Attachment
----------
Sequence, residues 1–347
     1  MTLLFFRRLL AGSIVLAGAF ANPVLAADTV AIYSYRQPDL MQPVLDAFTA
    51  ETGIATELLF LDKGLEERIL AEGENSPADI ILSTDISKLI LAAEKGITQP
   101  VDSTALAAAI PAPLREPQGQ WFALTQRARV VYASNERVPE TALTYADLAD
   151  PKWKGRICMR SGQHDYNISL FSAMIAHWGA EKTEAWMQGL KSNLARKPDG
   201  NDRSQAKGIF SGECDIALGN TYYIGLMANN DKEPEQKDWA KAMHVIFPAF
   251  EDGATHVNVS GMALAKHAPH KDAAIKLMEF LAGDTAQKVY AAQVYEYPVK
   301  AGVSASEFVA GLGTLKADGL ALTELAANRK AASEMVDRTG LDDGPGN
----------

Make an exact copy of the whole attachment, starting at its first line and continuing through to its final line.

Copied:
Sequence, residues 1–347
     1  MTLLFFRRLL AGSIVLAGAF ANPVLAADTV AIYSYRQPDL MQPVLDAFTA
    51  ETGIATELLF LDKGLEERIL AEGENSPADI ILSTDISKLI LAAEKGITQP
   101  VDSTALAAAI PAPLREPQGQ WFALTQRARV VYASNERVPE TALTYADLAD
   151  PKWKGRICMR SGQHDYNISL FSAMIAHWGA EKTEAWMQGL KSNLARKPDG
   201  NDRSQAKGIF SGECDIALGN TYYIGLMANN DKEPEQKDWA KAMHVIFPAF
   251  EDGATHVNVS GMALAKHAPH KDAAIKLMEF LAGDTAQKVY AAQVYEYPVK
   301  AGVSASEFVA GLGTLKADGL ALTELAANRK AASEMVDRTG LDDGPGN